7 MRC (NPRI) project Aim: To evaluate the impact of UK anti-tobacco mass media campaigns carried out since 2004 on a comprehensive set of key indicators of adult smoking behaviours Completed/ongoing studies Characterisation of recent campaigns in England in terms of aims, informational and emotional content and style Effects of mass media campaigns on population-level indicators of smoking and quitting behaviour: calls to the NHS smoking helpline, use of SSS, consumption, and prevalence Impact of campaigns on smoking behaviour in the home Cost-effectiveness of tobacco control mass media campaigns

8 Jargon Television ratings (TVRs): The % of a particular audience that has seen an advertisement e.g. 100 TVRs = each person has viewed ad once, or 50% have viewed twice e.g TVRs = each person has viewed ad 12 times, 25% have seen ad 48 times. Gross rating points (GRPs): Sum of TVRs for individual adverts (but often used interchangeably) e.g. Sum of TVRs for all tobacco control adverts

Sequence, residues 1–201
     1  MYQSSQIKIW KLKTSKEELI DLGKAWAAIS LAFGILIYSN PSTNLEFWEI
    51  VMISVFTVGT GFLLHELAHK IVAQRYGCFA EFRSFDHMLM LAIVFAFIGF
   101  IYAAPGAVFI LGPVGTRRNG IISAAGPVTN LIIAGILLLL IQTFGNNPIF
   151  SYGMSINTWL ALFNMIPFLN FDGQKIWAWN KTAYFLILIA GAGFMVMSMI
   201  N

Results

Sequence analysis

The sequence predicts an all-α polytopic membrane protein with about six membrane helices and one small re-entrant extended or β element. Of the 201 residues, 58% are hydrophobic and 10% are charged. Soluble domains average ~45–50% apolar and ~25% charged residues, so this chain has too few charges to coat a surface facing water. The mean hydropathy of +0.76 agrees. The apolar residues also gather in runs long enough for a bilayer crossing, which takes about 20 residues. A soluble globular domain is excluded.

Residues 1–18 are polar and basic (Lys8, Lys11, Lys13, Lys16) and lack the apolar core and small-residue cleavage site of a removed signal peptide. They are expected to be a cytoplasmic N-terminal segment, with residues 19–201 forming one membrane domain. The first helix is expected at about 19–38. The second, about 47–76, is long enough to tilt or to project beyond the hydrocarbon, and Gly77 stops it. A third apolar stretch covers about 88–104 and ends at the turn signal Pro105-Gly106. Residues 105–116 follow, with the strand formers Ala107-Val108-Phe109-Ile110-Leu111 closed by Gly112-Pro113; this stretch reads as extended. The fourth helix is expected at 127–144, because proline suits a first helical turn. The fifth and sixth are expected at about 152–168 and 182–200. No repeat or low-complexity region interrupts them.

9 Are MMC in England maximally effective? Evidence suggests that – 400 GRPs per month are needed to reduce smoking prevalence by 0.3% – Sustained behaviour change requires sustained campaign exposure due to the short-lived effects of campaigns – Adverts with high emotional content and testimonial adverts are most effective at increasing quit rates  Study to characterise publically-funded tobacco control campaigns in England ( ) - in line with recommendations?

10 Intensity Total TVRs Jan 04-Mar 10: Langley et al. Addiction in 5 months had no MMC 2 in 5 had 400+ GRPs 1 in 5 months had no MMC 2 in 5 had 400+ GRPs

11 % of TVRs Informational content Langley et al. Addiction From Apr 2008-Mar 2010 over 60% of adverts advertised the SSS A quarter contained information about negative consequences From Apr 2008-Mar 2010 over 60% of adverts advertised the SSS A quarter contained information about negative consequences